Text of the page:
Postgraduate Course: Foundations in Responsible Research and Innovation (PGSP11534)
|School||School of Social and Political Science
||College||College of Arts, Humanities and Social Sciences
|Credit level (Normal year taken)||SCQF Level 11 (Postgraduate)
||Availability||Available to all students
|Summary||The Engineering and Physical Science Research Council and other funding bodies (eg European Union) require scientists and engineers to acknowledge and address the social and ethical dimensions of their research. Furthermore, researchers are often expected to field media enquiries, take part in public engagement activities, contribute to policy making, work through regulatory issues related to their research, and participate in interdisciplinary teams. This course will equip students with the skills and confidence to contribute productively to broader discussions of what it means to be a 'responsible researcher'
1) Academic course description
This interdisciplinary course aims to equip students to address the social, legal and ethical issues surrounding research and innovation. It will introduce students to the body of scholarship arising from the new field of Science, Technology & Innovation Studies, particularly in relation to new and emerging science and technology (NEST). It will explore the concept of responsible research and innovation and how this may bear upon the roles of scientists and engineers in NEST projects including public engagement, risk and ethical audit, assessment of innovation trajectories and outcomes.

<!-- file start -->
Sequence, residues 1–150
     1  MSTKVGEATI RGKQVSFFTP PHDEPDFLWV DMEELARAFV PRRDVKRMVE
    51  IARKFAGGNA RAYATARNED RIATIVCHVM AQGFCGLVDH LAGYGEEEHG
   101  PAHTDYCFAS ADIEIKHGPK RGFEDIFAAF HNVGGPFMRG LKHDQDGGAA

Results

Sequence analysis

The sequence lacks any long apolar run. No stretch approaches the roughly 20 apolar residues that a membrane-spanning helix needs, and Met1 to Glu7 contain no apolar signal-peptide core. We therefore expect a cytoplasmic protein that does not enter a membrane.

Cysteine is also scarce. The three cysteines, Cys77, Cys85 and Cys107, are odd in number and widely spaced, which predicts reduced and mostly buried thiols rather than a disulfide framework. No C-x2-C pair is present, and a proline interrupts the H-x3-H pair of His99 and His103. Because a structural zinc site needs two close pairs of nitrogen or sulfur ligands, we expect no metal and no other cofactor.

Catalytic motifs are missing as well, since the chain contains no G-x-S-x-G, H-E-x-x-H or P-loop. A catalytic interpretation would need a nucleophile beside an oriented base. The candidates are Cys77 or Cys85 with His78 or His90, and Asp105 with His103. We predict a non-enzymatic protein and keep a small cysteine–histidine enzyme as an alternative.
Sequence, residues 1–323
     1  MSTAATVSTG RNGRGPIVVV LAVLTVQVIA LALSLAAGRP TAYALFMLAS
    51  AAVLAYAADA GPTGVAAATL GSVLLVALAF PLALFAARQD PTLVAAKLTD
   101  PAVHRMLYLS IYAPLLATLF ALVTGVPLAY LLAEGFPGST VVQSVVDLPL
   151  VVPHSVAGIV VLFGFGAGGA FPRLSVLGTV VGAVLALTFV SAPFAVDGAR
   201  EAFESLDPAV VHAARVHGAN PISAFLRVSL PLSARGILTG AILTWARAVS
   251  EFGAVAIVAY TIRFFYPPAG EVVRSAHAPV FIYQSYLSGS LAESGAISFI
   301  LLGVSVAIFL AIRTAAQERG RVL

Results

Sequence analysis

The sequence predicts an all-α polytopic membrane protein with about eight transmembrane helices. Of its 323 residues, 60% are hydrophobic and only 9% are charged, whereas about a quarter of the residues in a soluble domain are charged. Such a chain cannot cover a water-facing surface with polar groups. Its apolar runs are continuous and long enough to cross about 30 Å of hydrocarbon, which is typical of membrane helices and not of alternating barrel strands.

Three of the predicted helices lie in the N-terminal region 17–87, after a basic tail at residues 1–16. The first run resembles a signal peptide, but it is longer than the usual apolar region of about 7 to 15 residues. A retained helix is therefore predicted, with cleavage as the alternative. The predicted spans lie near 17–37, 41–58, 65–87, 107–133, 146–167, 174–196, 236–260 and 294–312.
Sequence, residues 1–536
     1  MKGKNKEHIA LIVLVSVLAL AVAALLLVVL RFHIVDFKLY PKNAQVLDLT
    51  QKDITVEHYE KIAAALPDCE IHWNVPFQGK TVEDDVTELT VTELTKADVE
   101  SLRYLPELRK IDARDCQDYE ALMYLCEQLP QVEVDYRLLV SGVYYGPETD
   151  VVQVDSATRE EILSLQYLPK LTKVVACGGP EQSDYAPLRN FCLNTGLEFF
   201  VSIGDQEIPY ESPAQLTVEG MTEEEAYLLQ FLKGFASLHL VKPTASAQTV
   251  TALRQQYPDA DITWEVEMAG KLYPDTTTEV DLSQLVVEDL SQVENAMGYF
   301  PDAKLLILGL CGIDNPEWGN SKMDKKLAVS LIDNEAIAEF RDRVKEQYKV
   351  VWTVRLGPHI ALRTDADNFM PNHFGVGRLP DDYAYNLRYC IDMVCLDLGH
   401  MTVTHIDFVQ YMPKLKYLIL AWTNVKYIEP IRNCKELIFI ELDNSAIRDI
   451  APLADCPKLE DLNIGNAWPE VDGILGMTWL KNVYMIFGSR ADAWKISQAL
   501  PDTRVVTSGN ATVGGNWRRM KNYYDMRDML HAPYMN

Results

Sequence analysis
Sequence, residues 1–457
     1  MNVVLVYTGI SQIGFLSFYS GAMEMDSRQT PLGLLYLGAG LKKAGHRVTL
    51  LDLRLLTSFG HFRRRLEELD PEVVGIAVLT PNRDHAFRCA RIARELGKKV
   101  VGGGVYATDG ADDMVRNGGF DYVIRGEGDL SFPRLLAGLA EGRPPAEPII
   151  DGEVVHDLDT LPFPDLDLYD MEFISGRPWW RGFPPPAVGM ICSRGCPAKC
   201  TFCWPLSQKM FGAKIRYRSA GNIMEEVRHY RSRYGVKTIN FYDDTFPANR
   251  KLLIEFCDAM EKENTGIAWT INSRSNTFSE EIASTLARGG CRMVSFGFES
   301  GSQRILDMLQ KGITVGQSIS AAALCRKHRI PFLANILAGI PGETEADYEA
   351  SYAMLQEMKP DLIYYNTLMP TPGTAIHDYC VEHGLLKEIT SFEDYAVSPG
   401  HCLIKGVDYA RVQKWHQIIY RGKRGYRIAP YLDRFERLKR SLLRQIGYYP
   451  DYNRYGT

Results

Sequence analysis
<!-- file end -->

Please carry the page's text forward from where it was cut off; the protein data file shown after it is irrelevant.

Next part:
2) Outline syllabus
i) Introduction: how and why the concept of Responsible Research and Innovation was proposed and the debates about how this may be achieved in research and development activities
ii) Analysing processes of research and innovation; the role of scientists and engineers and a range of stakeholders including innovators, regulators and diverse publics; how these may vary between different technoscientific and application domains
iii) Examining issues involved in the promotion and regulation of new and emerging science and technology; the emerging new risk governance framework including proposals for public engagement and ethical audit of research and engineering activities; attempts at anticipatory governance including 'Constructive Technology Assessment'
iv) communicating these issues to external stakeholders
v) applying these concepts to specific areas of contemporary research and innovation including big data and artificial intelligence and biomedical research and other fields of New and Emerging Science and Technology. Examining how these may inform choices in the student's own proposed research field.
3) Student learning experience